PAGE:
» Wednesday, February 1, 2006

Religious Hatred Bill

Asked whether he could illuminate journalists further on what the Prime Minister had been doing at around 8.07pm last night, the PMOS thanked the Evening Standard for it’s polite question, but the answer was no. We had been completely open in saying that these things happened. We wished it had not. There was no great mystery but he would not get into processology. Put to him that it was not an unreasonable request, the PMOS said that at this morning’s briefing their BBC online colleague had provided a succinct and accurate summary of what had happened. His chosen phrase had been "cock-up".

Asked why the Prime Minister had not voted and whether it had been the Chief Whips decision, the PMOS answered that the Prime Minister had said at PMQs he would make sure he voted in the future on important votes.

Asked whether the Prime Minister had returned to Downing Street knowing that they were going to lose the second vote to avoid the humiliation, the PMOS thank the journalist for the invitation but he had already declined to be drawn into a process story.

Put to him that the Prime Minister’s comment had been a light hearted remark but the PMOS had seemed to suggest a more serious point, the PMOS replied that there was a danger here and he put it no higher that something quiet simple and straight forward was being made to appear otherwise. The Prime Minister had missed the vote. He had not voted and that was the end of the story.

Asked whether the Prime Minister was at a dinner with a foreign dignitary, the PMOS said it was a matter of record that he had a meeting with King Abdullah of Jordan yesterday evening, which had been at 7pm.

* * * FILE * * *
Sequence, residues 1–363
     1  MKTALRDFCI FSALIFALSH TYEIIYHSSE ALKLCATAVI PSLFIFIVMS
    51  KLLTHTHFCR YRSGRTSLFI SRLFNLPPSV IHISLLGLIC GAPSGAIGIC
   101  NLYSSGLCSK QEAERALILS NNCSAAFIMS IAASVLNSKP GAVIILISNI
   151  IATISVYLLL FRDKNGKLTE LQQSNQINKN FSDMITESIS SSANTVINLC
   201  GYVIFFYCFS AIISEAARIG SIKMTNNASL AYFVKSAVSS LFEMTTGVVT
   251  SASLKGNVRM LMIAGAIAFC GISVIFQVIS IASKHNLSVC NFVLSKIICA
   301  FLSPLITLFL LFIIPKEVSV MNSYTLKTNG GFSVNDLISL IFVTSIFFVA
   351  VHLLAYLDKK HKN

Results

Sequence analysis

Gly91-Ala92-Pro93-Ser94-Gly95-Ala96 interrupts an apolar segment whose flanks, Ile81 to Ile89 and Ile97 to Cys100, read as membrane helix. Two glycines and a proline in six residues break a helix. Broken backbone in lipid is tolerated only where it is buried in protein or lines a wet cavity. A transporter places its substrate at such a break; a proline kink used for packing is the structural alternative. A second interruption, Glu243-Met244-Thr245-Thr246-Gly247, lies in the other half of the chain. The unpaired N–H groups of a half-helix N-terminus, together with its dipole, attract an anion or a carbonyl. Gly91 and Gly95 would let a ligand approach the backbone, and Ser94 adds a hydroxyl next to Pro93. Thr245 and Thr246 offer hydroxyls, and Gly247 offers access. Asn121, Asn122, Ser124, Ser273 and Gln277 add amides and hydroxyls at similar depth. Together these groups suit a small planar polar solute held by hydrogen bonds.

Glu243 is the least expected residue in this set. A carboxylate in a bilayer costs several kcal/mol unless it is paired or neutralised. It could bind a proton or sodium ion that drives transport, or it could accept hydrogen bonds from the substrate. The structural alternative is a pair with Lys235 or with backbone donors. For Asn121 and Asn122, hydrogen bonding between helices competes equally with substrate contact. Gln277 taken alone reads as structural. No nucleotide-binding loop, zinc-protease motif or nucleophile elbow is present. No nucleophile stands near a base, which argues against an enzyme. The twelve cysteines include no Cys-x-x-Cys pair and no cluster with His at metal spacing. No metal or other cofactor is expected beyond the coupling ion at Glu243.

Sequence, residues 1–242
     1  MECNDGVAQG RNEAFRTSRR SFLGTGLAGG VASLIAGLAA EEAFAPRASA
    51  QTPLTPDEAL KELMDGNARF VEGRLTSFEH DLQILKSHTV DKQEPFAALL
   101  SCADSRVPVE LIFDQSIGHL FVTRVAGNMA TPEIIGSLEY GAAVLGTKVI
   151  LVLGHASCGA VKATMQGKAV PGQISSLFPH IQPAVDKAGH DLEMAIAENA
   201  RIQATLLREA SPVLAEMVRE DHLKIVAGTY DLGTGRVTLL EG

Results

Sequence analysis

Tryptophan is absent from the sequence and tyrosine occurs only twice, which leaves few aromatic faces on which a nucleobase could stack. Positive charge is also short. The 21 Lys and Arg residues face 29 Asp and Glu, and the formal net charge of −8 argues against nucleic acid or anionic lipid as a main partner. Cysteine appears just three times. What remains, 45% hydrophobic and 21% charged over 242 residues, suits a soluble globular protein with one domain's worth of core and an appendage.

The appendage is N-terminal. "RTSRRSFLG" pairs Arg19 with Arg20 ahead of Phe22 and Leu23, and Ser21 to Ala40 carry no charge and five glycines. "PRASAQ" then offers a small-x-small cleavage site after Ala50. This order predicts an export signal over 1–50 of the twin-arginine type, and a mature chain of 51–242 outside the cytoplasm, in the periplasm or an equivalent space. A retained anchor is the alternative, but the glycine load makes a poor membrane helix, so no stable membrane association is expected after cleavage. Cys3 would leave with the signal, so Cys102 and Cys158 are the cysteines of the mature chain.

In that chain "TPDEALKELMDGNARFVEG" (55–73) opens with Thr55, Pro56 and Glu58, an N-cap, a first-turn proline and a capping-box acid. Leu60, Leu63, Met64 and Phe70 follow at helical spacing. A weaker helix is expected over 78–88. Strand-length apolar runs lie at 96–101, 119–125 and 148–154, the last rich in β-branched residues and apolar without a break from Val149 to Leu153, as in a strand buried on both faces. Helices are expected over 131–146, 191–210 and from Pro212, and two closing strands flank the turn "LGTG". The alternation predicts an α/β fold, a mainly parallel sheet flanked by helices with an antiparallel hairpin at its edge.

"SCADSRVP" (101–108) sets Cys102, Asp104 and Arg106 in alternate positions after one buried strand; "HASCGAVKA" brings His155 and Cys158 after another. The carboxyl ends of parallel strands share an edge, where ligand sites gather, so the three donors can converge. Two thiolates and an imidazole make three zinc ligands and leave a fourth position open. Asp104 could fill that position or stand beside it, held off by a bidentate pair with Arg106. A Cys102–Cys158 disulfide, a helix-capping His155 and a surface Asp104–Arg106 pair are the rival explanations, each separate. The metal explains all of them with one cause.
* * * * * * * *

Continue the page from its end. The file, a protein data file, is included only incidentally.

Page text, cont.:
Put to the PMOS that this government had now had in the last 4 months lost as many votes as John Major’s had between 1992-1997 and were the wheels coming off, the PMOS said that was an overstretch of a major kind. The government had lost two amendments last night not a bill. Asked whether the "cock up" meant there was a need to look at the whipping system, the PMOS said it simply meant that we had to make sure it did not happen again.

Asked how we could ensure it did not happen again, the PMOS said it was a simple mistake and people would simply ensure it did not happen again. Asked whose cock up it was, the PMOS declined to comment. Put to him that his remark that the Prime Minister would make sure that he would vote in important votes in the future seemed to be an admission of a change of strategy to take parliament more seriously now, the PMOS said that losing by one vote was a one off. Obviously the government would have rather won the votes last night.

Briefing took place at 13:00 | Search for related news

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